LA hotel staff react to proposal to open empty rooms to homeless people

  • A recently proposed ordinance in Los Angeles would require hotels to open up empty rooms to homeless people.
  • Hotel workers spoke both for and against the proposal at a city council meeting Friday.
  • The ordinance will appear on Los Angeles voters’ ballots in 2024, the council decided.

Hotel workers, some of whom have experienced homelessness themselves in recent years, shared their opinions Friday on a controversial ordinance that would require Los Angeles hotels to rent empty rooms to homeless people through a voucher program.

The proposed initiative, titled the “Responsible Hotel Ordinance,” is backed by the hospitality workers’ union Unite Here Local 11 and would appear on the Los Angeles ballot in 2024, the Los Angeles Times first reported.

At a city council meeting Friday, hoteliers and industry players voiced opinions for and against the proposal, with several noting that staff members are not properly trained to provide the mental and social services needed to adequately address the needs. of unprotected persons.

Thomas Franklin, a night controller at the Beverly Hills Marriott in West Los Angeles, said he himself was homeless ten years ago and described a “chaotic” experience living in a transitional housing program that had 24-hour security and staff on call.

“With all the drugs, all the fighting … we didn’t have the support to do a successful program there,” he told council members Friday. “Without having a clearly defined support from the police and mental services, there’s no way I think that’s something we could do.”

An owner of the Hampton Inn Suites in Los Angeles echoed those concerns, saying his employees are “absolutely terrified and afraid not only for their lives and safety, but for how we treat the homeless and unsheltered.”

“There has to be a more humane way to deal with this problem,” he continued. “My staff is here with me today … this is no joke to them. If this goes through, they will look for other opportunities.”

Dixie Moore (R) talks with representatives of St Joseph Center Homeless Services who will help her move from the tent encampment along the Venice Beach Boardwalk to short-term housing at a nearby hotel on July 2, 2021 in Los Angeles, California.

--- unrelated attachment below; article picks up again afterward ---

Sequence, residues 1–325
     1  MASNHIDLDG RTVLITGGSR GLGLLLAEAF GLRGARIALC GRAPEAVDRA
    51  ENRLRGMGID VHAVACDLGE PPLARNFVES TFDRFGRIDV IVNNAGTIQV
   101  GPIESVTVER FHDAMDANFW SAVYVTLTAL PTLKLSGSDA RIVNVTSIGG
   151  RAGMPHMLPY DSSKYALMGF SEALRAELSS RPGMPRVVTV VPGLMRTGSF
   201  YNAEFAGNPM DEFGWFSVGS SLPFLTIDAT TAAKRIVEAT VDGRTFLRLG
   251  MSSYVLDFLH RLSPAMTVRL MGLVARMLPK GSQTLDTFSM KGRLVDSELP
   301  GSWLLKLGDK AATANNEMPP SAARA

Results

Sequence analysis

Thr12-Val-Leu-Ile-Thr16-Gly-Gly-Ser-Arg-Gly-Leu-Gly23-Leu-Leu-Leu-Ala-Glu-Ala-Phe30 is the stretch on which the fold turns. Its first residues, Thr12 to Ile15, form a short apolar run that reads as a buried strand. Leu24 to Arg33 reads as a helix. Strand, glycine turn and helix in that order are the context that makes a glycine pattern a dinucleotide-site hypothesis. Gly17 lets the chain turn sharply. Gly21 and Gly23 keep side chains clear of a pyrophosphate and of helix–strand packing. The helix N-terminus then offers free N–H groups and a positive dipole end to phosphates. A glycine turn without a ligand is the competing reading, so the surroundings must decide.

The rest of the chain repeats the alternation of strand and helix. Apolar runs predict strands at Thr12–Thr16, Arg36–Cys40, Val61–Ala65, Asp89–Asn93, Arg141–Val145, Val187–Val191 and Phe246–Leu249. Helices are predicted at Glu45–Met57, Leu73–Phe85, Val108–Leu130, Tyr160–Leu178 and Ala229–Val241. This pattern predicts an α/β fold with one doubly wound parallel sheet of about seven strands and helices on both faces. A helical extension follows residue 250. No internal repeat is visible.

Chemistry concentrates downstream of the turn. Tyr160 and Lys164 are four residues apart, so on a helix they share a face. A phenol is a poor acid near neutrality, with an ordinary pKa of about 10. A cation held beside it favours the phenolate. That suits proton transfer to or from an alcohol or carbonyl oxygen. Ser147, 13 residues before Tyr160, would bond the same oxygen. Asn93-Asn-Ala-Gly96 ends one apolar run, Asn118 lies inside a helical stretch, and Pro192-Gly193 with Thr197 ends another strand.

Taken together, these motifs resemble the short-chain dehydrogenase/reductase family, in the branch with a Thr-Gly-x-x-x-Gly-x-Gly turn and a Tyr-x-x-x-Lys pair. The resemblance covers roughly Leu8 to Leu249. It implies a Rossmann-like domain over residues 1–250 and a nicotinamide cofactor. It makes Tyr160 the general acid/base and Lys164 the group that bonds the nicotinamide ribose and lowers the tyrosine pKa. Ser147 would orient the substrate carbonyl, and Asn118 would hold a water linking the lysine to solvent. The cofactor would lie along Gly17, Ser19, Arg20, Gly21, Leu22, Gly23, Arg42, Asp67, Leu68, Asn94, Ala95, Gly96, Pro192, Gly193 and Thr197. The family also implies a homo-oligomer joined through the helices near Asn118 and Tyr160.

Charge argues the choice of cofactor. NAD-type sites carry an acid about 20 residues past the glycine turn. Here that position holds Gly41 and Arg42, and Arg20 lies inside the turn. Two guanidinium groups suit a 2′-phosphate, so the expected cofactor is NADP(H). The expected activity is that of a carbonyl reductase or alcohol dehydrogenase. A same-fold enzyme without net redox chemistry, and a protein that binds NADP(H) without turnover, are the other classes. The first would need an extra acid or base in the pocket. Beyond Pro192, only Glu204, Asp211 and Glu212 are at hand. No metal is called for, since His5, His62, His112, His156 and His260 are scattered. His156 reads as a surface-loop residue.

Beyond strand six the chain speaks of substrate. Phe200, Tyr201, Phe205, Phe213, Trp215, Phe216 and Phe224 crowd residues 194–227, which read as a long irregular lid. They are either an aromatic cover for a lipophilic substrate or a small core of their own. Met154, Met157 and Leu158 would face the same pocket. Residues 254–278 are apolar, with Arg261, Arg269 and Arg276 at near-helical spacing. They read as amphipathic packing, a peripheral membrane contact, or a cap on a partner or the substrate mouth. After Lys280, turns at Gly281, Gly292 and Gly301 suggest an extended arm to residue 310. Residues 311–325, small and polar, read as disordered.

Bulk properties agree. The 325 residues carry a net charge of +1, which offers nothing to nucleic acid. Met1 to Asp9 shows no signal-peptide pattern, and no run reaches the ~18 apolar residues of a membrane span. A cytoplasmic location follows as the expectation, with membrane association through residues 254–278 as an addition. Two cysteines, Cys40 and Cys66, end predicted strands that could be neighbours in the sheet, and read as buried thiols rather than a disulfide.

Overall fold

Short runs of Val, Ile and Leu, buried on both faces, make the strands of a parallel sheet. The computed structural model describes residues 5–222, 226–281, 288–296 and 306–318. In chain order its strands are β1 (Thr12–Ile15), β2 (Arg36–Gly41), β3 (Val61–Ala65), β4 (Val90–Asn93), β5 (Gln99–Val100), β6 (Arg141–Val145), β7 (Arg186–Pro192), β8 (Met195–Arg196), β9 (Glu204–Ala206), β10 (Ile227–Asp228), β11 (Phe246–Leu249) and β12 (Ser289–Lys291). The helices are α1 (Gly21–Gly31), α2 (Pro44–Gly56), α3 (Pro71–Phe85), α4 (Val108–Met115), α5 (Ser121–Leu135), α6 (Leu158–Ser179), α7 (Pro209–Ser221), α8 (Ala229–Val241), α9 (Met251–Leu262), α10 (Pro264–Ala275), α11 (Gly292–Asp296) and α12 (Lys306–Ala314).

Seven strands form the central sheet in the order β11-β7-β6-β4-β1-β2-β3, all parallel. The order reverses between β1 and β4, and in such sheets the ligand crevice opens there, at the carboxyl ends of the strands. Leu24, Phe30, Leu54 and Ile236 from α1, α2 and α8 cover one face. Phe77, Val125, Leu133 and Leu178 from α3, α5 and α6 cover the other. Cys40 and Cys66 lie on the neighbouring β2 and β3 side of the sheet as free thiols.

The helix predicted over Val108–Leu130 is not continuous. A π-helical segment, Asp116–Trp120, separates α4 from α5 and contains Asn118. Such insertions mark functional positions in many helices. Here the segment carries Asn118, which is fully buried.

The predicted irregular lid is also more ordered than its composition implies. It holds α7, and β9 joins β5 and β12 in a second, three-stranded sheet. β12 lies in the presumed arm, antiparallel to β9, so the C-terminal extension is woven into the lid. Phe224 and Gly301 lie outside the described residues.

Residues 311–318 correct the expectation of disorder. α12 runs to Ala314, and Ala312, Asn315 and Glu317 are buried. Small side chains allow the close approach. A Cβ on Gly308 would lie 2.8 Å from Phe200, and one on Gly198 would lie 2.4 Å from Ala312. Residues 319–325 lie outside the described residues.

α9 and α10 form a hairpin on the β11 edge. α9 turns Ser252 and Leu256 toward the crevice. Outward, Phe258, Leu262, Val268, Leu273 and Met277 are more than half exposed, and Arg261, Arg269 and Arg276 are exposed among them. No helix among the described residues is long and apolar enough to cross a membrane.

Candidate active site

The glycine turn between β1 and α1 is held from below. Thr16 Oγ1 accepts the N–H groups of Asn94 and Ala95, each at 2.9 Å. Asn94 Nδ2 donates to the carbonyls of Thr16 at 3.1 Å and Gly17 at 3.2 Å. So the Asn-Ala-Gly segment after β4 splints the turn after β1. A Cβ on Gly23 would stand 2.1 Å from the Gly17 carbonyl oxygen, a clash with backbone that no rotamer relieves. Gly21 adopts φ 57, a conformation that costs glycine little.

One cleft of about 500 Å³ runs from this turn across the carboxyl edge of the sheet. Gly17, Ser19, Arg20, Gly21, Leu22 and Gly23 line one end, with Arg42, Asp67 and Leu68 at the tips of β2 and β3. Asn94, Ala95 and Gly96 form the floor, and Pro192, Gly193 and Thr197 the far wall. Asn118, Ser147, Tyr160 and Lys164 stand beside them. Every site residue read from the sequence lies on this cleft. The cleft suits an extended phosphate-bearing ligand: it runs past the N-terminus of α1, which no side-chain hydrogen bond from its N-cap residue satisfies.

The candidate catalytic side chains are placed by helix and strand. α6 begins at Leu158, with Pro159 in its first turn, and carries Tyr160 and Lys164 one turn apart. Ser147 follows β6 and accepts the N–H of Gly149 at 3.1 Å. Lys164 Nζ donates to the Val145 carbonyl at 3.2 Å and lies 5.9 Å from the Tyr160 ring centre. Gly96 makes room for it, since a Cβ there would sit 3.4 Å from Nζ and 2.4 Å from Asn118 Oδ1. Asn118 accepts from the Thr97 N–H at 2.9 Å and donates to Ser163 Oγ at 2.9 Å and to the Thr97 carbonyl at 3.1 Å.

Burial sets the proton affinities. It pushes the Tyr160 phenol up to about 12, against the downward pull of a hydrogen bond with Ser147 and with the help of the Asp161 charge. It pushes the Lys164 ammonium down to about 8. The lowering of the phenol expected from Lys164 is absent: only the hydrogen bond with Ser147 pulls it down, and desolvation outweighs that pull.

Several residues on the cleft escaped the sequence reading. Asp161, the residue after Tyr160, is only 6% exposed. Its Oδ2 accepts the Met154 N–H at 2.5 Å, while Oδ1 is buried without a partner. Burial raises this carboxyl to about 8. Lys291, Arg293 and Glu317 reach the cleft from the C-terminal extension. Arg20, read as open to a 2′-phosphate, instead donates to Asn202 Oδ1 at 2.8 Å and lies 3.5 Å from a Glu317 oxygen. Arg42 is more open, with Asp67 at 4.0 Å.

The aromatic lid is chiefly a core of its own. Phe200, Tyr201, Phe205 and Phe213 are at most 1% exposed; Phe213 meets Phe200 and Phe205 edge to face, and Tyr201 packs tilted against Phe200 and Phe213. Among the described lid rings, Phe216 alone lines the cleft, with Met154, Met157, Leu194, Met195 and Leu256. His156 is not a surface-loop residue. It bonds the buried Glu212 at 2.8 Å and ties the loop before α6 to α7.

Dixie Moore (right) talks with St Joseph Center Homeless Services representatives who will help her move from the tent encampment along the Venice Beach Boardwalk to short-term housing at a nearby hotel on July 2, 2021.

Robyn Beck / AFP) (Photo by ROBYN BECK/AFP via Getty Images


Carly Kirchen, a labor union organizer supporting the ordinance, said hotel owners are perpetuating the “myth” that “every person experiencing homelessness is so sick that they are a danger to the people around them,” adding that thousands of her members Local 11 are currently facing eviction.

“Even as a union member with a well-paying job, I recently became homeless because of the housing crisis in our city,” said Bambian Taft, a hotel minibar employee and former housekeeper.

Other speakers noted the proposed ordinance’s lack of financial data and funding information. Richard Earle, an executive at hotel insurer Petra RiskSolutions, said the proposal would force carriers to “legally pull cover”.

“It won’t be available because it changes the whole scope of the business,” he said, adding that coverage for hotels adhering to the initiative would be four to five times more expensive than their current rates. “It will be an immediate devastating punitive impact on their business.”

The ordinance would also require hotels that demolish residences to build new facilities to replace the damaged units with affordable housing. Ronald Bermudez, who said he works as a bellman at the Westin Bonaventure Hotel, voiced his support for the initiative at Friday’s meeting.

“I’m a renter near downtown,” he told council members. “It’s going to be so hard to live in Los Angeles because of the high cost of rent. We need to do everything we can to protect housing in our city.”

Are you a hotel worker struggling to afford housing? Contact this reporter from a non-work address at [email protected]

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